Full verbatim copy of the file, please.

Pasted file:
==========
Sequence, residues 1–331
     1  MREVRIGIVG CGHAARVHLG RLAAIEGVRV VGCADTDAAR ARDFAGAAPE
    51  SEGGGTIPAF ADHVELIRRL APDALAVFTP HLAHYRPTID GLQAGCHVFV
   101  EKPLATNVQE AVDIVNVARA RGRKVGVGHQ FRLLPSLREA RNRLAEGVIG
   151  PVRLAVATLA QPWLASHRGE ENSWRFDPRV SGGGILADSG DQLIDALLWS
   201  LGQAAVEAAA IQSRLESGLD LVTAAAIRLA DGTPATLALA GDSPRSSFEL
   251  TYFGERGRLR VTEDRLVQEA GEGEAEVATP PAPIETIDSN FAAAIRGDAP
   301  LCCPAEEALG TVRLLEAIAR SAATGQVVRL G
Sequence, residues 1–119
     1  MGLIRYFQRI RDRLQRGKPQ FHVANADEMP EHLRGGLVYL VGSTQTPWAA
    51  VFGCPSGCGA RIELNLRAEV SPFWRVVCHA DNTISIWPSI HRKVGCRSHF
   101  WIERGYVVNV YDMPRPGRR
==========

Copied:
Sequence, residues 1–331
     1  MREVRIGIVG CGHAARVHLG RLAAIEGVRV VGCADTDAAR ARDFAGAAPE
    51  SEGGGTIPAF ADHVELIRRL APDALAVFTP HLAHYRPTID GLQAGCHVFV
   101  EKPLATNVQE AVDIVNVARA RGRKVGVGHQ FRLLPSLREA RNRLAEGVIG
   151  PVRLAVATLA QPWLASHRGE ENSWRFDPRV SGGGILADSG DQLIDALLWS
   201  LGQAAVEAAA IQSRLESGLD LVTAAAIRLA DGTPATLALA GDSPRSSFEL
   251  TYFGERGRLR VTEDRLVQEA GEGEAEVATP PAPIETIDSN FAAAIRGDAP
   301  LCCPAEEALG TVRLLEAIAR SAATGQVVRL G
Sequence, residues 1–119
     1  MGLIRYFQRI RDRLQRGKPQ FHVANADEMP EHLRGGLVYL VGSTQTPWAA
    51  VFGCPSGCGA RIELNLRAEV SPFWRVVCHA DNTISIWPSI HRKVGCRSHF
   101  WIERGYVVNV YDMPRPGRR